When a troubled teen disrupts the life of your family, he is not the only one suffering during the process. You, your partner, any other children and possibly other close family relatives are also caught in the cross-fire of his tirades, anger and tantrums. You cannot focus on your other children or give them the attention that they deserve. As a result, they might suffer from feelings of rejection as their wants and needs are put aside as you put all of your energy into caring for your struggling son. You likely have tried at least one of the following: group or individual counseling, substance abuse treatment, private school or an intervention. Sadly, none of these have worked. Since all other measures have failed, it’s time to send your child to a therapeutic boarding school where he can find the help that he desperately needs. At the same time, you can begin to reunite your broken family in order to prepare for him to rejoin the home once he finishes treatment.
Family Counseling at Boarding School
We recognize the interaction, which is usually negative, between a struggling teen and his family and have the background to offer hope to hurting families. We believe that healing your family is an integral part of the recovery process and offer resources and skills to help you rebuild your family. We will offer the support that you need during this challenging time and update you regularly on your son’s progress. As we work together, we can effectively impact your son to produce lasting changes. He will see that everyone is making a team effort together for his best interests so that he can heal while at boarding school. During this period, your family has a much needed break that can bring peace to your home as you regroup and tend to the needs of your other family members. The end result is often restoration of the whole family.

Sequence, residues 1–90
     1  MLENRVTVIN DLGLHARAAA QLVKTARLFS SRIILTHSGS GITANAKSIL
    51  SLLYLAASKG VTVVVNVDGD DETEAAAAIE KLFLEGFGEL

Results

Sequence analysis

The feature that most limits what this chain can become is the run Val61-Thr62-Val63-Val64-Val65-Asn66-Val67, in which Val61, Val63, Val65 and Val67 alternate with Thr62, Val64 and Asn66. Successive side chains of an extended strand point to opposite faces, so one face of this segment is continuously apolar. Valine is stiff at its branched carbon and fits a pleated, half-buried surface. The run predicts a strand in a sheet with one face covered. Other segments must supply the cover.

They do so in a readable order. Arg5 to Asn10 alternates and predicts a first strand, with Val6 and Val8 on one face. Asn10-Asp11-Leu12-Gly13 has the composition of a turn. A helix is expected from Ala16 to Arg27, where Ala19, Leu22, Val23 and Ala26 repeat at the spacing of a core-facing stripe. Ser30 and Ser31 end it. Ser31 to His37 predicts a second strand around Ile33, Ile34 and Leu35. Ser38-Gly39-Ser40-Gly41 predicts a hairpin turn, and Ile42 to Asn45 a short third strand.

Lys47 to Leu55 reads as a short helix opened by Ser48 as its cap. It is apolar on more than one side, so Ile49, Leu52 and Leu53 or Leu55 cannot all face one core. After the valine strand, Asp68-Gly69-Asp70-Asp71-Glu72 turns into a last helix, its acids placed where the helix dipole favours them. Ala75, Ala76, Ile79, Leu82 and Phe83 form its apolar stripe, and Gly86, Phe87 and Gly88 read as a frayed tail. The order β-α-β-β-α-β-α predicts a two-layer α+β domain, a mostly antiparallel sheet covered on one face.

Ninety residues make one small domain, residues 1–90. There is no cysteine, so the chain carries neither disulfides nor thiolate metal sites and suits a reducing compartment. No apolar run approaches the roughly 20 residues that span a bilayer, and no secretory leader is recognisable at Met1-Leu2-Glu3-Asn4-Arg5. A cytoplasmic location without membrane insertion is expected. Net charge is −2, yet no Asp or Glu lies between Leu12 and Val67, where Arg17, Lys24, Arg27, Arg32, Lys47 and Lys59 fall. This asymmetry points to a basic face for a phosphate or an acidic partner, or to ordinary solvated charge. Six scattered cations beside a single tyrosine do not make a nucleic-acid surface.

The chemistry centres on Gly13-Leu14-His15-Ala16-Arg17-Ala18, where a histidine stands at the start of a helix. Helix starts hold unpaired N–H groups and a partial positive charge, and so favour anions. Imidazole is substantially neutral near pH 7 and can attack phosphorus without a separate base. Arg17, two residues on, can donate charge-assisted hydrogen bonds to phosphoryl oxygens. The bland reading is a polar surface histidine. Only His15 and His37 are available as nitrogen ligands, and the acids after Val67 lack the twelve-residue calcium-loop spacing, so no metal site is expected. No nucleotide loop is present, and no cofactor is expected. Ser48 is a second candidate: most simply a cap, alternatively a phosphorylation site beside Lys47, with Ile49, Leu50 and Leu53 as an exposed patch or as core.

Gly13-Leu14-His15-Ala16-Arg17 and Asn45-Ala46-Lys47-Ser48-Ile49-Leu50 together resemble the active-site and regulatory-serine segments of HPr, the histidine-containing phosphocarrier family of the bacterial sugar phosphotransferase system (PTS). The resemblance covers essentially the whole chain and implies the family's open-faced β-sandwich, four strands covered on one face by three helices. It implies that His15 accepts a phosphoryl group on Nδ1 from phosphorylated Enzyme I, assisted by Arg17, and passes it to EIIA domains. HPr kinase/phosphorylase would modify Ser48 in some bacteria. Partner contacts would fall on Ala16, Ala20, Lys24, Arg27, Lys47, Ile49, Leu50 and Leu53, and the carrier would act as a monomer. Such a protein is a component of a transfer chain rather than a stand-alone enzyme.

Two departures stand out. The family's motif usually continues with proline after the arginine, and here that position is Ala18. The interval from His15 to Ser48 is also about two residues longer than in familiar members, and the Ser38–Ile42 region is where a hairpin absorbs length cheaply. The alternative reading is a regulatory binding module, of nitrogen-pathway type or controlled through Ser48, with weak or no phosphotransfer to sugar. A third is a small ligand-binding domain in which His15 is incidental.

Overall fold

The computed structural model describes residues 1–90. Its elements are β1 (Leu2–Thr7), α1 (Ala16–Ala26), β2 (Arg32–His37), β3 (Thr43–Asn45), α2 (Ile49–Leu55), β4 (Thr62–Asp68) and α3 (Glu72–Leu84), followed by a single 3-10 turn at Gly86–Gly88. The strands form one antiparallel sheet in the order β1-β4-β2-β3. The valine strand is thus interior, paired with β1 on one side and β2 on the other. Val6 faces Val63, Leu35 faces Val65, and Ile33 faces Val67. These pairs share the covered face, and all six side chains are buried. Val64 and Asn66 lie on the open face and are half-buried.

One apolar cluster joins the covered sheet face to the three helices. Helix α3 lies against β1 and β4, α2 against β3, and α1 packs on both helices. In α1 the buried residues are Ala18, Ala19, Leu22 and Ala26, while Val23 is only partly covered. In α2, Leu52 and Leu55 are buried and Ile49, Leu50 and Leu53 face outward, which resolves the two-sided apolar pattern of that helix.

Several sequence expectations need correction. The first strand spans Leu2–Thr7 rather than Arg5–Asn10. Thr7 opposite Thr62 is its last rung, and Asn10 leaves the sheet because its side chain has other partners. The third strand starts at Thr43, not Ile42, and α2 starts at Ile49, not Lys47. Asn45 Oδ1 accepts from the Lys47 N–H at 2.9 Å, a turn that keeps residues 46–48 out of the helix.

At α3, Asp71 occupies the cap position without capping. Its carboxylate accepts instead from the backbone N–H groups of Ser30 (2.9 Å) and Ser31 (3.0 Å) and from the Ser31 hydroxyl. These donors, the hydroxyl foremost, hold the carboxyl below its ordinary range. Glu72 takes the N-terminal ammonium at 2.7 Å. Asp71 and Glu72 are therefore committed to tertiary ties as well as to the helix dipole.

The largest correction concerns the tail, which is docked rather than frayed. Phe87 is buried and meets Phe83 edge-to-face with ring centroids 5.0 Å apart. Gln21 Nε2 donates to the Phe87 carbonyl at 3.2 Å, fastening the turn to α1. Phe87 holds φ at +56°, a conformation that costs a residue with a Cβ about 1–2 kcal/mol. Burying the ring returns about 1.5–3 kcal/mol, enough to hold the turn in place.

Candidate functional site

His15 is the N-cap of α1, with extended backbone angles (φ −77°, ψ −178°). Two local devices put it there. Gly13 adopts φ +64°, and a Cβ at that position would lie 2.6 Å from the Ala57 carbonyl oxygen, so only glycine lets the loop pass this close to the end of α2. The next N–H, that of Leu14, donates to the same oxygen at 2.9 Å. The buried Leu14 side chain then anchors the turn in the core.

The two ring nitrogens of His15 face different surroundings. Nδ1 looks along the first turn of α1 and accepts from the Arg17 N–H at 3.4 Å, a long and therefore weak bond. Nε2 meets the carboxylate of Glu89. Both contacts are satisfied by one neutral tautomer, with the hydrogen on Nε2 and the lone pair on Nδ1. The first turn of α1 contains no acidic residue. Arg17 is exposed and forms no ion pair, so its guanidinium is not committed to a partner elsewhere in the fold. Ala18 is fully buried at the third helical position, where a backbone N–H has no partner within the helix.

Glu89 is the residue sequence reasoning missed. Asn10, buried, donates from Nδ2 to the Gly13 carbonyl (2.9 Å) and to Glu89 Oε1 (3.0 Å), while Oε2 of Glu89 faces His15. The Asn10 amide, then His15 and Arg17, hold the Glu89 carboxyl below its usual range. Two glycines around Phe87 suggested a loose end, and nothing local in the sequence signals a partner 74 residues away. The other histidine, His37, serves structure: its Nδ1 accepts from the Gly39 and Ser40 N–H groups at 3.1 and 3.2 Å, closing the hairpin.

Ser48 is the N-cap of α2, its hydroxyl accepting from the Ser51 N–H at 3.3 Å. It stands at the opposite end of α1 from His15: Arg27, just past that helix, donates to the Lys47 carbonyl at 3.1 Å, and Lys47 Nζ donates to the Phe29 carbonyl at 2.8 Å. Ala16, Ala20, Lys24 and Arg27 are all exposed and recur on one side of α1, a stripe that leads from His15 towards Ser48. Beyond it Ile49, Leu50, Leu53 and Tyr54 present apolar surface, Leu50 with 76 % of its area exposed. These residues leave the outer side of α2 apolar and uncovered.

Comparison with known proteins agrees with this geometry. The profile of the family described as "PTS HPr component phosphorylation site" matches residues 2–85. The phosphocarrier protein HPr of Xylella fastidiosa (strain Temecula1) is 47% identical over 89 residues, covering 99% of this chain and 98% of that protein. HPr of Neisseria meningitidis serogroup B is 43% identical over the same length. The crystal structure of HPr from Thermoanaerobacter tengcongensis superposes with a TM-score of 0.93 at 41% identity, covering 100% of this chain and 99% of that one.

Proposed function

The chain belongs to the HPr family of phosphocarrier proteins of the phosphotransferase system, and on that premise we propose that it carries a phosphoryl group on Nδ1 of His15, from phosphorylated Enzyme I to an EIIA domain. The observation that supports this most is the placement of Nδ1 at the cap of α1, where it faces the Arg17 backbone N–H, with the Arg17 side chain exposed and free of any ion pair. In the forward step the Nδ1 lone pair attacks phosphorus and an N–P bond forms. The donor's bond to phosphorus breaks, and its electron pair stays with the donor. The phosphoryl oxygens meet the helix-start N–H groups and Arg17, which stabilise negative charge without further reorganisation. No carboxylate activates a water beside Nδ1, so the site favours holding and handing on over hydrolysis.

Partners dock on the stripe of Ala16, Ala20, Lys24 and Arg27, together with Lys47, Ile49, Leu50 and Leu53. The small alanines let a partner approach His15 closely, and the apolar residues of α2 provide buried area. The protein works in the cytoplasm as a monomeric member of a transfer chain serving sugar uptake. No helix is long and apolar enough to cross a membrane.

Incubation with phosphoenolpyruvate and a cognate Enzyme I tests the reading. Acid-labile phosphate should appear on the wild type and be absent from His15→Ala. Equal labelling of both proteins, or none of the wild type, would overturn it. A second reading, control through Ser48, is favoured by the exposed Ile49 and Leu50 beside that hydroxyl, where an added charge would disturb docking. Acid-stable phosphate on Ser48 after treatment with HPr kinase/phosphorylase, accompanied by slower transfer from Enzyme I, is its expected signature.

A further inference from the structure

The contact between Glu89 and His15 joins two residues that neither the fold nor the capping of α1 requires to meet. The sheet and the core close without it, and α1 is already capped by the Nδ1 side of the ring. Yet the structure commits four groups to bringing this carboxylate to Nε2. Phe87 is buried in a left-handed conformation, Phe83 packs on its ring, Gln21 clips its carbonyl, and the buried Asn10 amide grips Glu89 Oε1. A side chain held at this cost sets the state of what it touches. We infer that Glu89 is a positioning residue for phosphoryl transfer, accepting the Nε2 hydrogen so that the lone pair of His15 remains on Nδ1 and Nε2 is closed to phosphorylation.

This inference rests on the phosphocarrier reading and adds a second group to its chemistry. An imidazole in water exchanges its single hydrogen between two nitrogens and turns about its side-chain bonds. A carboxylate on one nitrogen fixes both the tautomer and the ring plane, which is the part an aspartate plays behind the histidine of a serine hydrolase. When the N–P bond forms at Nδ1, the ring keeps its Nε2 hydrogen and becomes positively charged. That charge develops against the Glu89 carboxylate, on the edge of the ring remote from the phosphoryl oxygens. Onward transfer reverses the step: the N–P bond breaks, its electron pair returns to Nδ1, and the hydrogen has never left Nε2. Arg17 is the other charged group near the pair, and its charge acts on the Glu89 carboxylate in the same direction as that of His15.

Replicating the Family Experience
One of the ways that we reunite your family is by replicating the family experience at our boarding school. Teens learn the importance and value of family from a fresh perspective, including the following:
• Honor and consideration of others
• Contributing to the needs of other “family” members
• Enhancing the family unit and
• Serving others.
They learn what it means to cooperate as a family unit with new family “members.” As issues come up, we can address them so that when your son has finished the program, no lingering problems remain. He can take the skills that he has learned at our program and put them into practice once he returns home.